Prime Minister Shinzo Abe has directed ministries to look into countermeasures after plaintiffs in South Korea took legal steps to seize the local assets of a Japanese steelmaker that has refused to comply with a court order to pay compensation for wartime forced labor.
"It is extremely regrettable. I directed related ministries to consider specific measures based on international law to show our resolute stance" in regard to the matter, Abe said in a TV program aired on Sunday, although he did not elaborate.
Lawyers representing the South Korean plaintiffs have launched procedures to seize assets belonging to Nippon Steel & Sumitomo Metal Corp in the country, according to an official statement Wednesday. In response, Japan's Foreign Minister Taro Kono urged Seoul to prevent Japanese companies from being treated unfairly.
Abe did not specify the potential countermeasures, but they could include taking the case to the International Court of Justice, according to government sources.
South Korea's top court ordered the steelmaker in October to compensate four South Koreans who were victims of forced labor during Japanese colonial rule. The decision brought an immediate rebuke from Japan, which maintains that the right to seek compensation was terminated under a 1965 treaty signed between the two countries.
In another wartime forced labor case, Mitsubishi Heavy Industries Ltd faces a similar order by a South Korean court.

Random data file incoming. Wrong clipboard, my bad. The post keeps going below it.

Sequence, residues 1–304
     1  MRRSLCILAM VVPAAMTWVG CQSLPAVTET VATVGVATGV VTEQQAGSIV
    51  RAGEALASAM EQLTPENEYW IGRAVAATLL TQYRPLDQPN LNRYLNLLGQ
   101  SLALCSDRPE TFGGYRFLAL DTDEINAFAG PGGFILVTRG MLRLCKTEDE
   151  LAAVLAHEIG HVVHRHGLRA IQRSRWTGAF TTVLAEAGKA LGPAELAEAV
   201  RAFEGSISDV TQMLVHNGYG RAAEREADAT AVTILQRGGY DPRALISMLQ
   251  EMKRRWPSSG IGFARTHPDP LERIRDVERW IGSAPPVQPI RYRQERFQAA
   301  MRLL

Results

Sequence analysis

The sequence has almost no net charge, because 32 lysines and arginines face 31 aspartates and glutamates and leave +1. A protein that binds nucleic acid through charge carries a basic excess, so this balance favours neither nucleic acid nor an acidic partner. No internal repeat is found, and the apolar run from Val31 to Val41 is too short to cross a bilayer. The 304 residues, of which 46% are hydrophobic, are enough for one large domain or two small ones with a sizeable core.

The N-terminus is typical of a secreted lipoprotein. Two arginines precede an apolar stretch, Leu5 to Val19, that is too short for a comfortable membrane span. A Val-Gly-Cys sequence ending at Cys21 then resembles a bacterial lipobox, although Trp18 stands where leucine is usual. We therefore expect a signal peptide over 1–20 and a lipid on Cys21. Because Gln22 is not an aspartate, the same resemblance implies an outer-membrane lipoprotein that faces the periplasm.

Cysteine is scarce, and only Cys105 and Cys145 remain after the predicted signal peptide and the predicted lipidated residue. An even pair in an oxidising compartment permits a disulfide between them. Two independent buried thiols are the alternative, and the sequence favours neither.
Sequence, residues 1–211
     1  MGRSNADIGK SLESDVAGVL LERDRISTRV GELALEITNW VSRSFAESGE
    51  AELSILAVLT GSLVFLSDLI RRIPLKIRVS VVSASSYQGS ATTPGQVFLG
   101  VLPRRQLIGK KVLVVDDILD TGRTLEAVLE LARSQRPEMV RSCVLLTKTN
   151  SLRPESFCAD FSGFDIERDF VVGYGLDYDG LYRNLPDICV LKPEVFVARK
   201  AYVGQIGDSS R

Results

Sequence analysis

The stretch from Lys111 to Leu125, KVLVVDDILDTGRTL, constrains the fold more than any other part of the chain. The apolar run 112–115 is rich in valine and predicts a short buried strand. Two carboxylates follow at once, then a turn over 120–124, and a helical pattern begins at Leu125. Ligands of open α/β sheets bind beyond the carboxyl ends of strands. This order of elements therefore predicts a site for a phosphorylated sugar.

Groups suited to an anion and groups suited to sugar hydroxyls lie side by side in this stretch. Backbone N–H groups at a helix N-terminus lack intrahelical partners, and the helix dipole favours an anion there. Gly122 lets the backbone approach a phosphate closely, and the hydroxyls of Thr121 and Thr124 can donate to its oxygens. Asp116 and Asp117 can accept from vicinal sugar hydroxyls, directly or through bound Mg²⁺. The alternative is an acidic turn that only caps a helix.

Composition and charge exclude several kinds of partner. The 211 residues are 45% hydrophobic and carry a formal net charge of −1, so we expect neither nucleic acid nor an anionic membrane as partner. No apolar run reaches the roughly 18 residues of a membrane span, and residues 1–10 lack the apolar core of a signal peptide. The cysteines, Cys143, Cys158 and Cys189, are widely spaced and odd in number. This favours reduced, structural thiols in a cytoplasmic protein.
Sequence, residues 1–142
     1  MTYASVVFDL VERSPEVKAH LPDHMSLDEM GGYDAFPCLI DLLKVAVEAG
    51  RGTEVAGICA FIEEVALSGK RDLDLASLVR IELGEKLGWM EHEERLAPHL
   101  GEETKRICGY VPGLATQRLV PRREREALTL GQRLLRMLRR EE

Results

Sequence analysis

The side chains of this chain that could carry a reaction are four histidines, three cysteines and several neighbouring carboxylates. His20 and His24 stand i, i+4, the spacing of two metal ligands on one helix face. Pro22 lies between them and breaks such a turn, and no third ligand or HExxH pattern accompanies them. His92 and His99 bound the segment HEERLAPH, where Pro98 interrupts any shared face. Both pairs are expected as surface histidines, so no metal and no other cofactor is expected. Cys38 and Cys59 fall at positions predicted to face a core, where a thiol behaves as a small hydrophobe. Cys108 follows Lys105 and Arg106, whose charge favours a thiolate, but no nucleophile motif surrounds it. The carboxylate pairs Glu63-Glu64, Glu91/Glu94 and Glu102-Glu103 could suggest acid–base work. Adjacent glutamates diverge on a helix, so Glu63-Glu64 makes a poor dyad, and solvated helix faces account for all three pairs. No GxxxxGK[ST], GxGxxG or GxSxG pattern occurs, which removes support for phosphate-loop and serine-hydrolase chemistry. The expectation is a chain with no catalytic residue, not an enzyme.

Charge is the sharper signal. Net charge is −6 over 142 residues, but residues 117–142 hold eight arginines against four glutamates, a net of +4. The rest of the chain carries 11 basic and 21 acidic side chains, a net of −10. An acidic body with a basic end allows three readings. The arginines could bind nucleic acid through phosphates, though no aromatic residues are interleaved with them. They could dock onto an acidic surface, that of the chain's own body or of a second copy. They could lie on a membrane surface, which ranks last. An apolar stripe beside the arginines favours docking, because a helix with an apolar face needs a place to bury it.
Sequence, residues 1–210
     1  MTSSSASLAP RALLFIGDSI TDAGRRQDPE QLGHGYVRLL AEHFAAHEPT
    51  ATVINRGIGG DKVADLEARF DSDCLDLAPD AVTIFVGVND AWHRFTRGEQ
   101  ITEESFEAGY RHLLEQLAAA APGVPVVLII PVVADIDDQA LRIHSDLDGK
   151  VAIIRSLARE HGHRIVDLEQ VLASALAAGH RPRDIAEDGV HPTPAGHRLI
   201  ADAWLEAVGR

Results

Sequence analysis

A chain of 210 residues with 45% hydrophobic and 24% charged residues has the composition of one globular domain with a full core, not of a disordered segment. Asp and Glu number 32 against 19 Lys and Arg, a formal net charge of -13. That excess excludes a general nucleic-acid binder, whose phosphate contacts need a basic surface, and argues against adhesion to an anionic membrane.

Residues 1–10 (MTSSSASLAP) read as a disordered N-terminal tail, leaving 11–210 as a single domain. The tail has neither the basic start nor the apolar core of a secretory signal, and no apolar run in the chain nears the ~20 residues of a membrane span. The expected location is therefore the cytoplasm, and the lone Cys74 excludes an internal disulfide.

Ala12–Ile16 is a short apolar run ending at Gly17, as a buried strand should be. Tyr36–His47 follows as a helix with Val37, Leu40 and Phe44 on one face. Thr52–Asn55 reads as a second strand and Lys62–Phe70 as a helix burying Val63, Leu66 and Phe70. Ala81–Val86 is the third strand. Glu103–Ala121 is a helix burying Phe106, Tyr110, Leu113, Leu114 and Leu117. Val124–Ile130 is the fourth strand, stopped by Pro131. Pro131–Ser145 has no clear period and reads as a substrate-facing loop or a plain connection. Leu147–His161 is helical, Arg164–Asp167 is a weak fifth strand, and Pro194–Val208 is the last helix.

Tensions have run deep between the two countries in recent months. In addition to wartime issues, the Japanese government accused a South Korean warship of locking its fire-control radar on a Japanese patrol plane on Dec. 20 and released video footage taken from the aircraft. Seoul has denied Japan's claim.
The friction came despite the need for maintaining trilateral cooperation with the United States, as the issue of North Korea continues to loom.
Meanwhile, Abe said during the NHK TV program that he believes a post-World War II peace treaty with Russia would benefit the United States by contributing to regional peace and stability.
"The Japan-U.S. alliance is the basis of Japan's diplomatic and security policies," he said.
The Japanese premier is expected to meet Russian President Vladimir Putin later this month to advance talks on a treaty after the two leaders agreed in November to accelerate their negotiations based on a 1956 joint declaration. Moscow promised in the declaration to hand over two of the four disputed islands between the countries once a peace treaty is signed.
Abe said there is no change in his intention to seek to revise Japan's pacifist Constitution, but that setting a schedule for a first-ever change to the postwar supreme law is not a top priority. He had said earlier that he would seek to put constitutional amendments into force in 2020.
Natsuo Yamaguchi, the head of the Komeito party, the junior coalition partner of Abe's Liberal Democratic Party, said on the same TV program that a wide consensus from ruling and opposition parties would be needed to pursue constitutional amendments.